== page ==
By Arielle Robinson
Chuck Groover, the coordinator for the GACP’s state certification program, presented a certification plaque to Acworth Police Chief Wayne Dennard and Sergeant Lisa Montcalm.
In addition to presenting to the police, Groover praised the department’s efforts in front of the Board of Aldermen.
“If your agency gets state certified — at least while I’m there, you’re going to earn it,” Groover said. “And [Acworth PD has] earned it.”
Groover said that Dennard told him that Acworth’s Board of Aldermen and mayor have been very supportive of the police department. Groover said that this has not always been the case in times he has presented to various city councils and boards.
Various law enforcement agencies are certified every three years.
Montcalm explained the state certification program in a presentation to the Board.
The certification program began in the 1990s. Agencies must follow and align their departmental policies with the 143 standards that the program sets. These standards have evolved throughout the years. GACP is on its sixth version of those standards.
The actual process of recertification can take up to three years to complete, hence the department being recertified every three years.
“We have onsite assessors from other law enforcement agencies around the state that come and rate us on our policies and our procedures and our facility to make sure that everything is aligning with those standards,” Montcalm said.
Montcalm was also the recipient of certificates from the state certification program and Acworth PD for the work she has done with both.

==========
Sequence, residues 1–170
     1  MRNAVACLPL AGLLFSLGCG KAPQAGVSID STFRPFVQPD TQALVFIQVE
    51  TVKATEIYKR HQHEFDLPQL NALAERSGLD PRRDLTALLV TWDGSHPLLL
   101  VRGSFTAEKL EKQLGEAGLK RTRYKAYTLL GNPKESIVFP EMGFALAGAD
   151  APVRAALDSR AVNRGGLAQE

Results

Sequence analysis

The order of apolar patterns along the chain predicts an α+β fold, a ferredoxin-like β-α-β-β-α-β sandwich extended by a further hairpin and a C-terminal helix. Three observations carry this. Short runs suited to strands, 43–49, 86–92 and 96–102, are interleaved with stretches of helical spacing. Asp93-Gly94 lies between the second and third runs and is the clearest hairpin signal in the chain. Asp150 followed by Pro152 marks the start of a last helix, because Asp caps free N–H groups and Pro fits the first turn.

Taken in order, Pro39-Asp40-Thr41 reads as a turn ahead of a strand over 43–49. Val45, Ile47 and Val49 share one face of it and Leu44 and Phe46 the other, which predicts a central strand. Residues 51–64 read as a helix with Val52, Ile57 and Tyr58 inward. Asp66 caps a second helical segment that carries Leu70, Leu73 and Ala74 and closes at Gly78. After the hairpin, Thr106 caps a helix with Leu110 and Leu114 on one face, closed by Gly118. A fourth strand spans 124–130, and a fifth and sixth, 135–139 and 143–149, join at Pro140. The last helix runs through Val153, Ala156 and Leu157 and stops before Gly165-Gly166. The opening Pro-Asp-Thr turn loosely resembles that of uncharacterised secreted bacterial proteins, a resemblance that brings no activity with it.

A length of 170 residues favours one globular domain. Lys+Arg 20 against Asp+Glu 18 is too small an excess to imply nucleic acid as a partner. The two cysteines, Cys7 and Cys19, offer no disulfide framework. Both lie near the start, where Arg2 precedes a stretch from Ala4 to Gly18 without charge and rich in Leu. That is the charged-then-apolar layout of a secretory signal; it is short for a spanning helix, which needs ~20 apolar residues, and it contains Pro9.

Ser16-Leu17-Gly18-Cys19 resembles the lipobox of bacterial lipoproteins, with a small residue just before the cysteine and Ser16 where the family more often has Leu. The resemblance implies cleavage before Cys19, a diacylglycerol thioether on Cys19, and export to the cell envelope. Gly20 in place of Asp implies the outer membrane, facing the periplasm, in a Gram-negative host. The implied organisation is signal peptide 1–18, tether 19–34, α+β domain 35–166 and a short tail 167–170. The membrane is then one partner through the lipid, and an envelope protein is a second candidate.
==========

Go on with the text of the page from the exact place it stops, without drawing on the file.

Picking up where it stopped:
Montcalm leads the police department’s Office of Professional Standards and Training, which deals with citizen complaints, coordinates training and keeps up to date with accreditation and certification, among many other responsibilities.
Acworth PD is currently working toward being accredited by the Commission on Accreditation for Law Enforcement Agencies.
CALEA is similar to GACP certification in that it has a set number of standards law enforcement must follow.
CALEA is broader, though. It has an international range and departments must adhere to 426 standards instead of the state’s 143. Another difference is that departments receive CALEA recertification every four years.
A police department that hopes to be CALEA certified has up to 36 months to conduct a self-assessment before an outside group assesses the department.
Law enforcement agencies in and near Cobb County involved with CALEA include the Georgia Bureau of Investigation, Atlanta PD, Kennesaw PD, Marietta PD, the Cherokee County Sheriff’s Department, Cobb County PD, Woodstock PD, Roswell PD, Johns Creek PD and the Fulton County Sheriff’s Department.
Montcalm said the Cobb County Sheriff’s Department is working towards being CALEA accredited and is currently in the 36-month assessment process.
Altogether, 44 Georgia law enforcement agencies are CALEA accredited. Acworth PD hopes to be number 45.
Arielle Robinson is a student at Kennesaw State University. She is the current president of the university’s chapter of the Society of Professional Journalists and former editor at the KSU Sentinel. She enjoys music, reading poetry and non-fiction books and collecting books and records. She enjoys all kinds of music and reading poetry and non-fiction books.